Parks, Trails & Whitewater in Roanoke | Q&A with Renee Powers
The Roanoke Region is a special place, in fact, it's one of my favorite places to visit in Virginia. While Roanoke is not in the James River Watershed, the James River itself and many of its headwaters are no further than a 30-minute drive from city center. The region is full of amazing outdoor recreation including hiking, biking, and kayaking to explore with many options to refuel and relax with a good meal and beverage at one of the many breweries found in Roanoke.
While heading down I-81 for a day in the mountains, I usually end up calling Renee Powers and her husband Steve, to tag along and explore one of the many backcountry gems hiding in the hills outside of town. Not only is Renee an exceptional mountain biker & whitewater kayaker, she manages over 20 miles of paved greenway trails and over 70 miles of natural surface trails as the Trails Manager and Greenways Coordinator for the City of Roanoke Parks and Recreation Department. I am always excited to hear the latest news in Roanoke outdoors and Carvins Cove and Renee is always at the forefront.
A huge thanks to Renne for this Roanoke centric Q&A! We hope you enjoy.
Renee, what brought you to Virginia, specifically the Roanoke Region?
I originally came to Roanoke in 2008 for a job at Roanoke College working in Residence Life and with their outdoor program. When I was done with graduate school I did a nation-wide search for a job and fell in love with Roanoke. When I came on the interview, I fell in love with the neighborhood feel to the area, the amount of bouldering and mountain biking opportunities and how quickly you can get from town to the outdoors.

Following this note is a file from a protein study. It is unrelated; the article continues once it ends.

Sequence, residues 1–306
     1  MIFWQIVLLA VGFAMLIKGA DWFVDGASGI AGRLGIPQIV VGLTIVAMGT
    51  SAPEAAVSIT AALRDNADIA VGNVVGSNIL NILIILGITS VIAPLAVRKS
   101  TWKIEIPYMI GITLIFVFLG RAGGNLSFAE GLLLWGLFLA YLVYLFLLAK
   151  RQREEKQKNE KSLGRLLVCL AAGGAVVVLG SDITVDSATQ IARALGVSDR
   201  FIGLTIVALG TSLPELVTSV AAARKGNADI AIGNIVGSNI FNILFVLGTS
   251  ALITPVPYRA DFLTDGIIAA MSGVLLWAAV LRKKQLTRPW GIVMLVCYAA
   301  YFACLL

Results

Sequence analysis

What is unique about the trail system in Roanoke?
Carvins Cove and Mill Mountain in the same area is amazing. Both trail systems allow for users to ride from town (depending on where you live) and do world class mountain biking, trail running, hiking or horseback riding.
Carvins Cove is a stand out destination for the East Coast, what is it like to be have a part in the evolution of this public park?
This system has been awesome to manage and be a part of the growth. As a trail user myself, I enjoy the variety of trails and the connectivity of the system. In terms of management, we have all sorts of funny and unique issues that come up there and no where else in our system. But, it has been an amazing place to build and maintain trail with intact pristine forest ecosystems and amazing views.
For those of us visiting Carvins Cove, what are the 'bucket list' trails to ride?
Gauntlet, Buck, Lakeside, and Schoolhouse.
A trail system is important to local communities for so many reasons. What makes having a wealth of trails in and around the Roanoke area important to your region?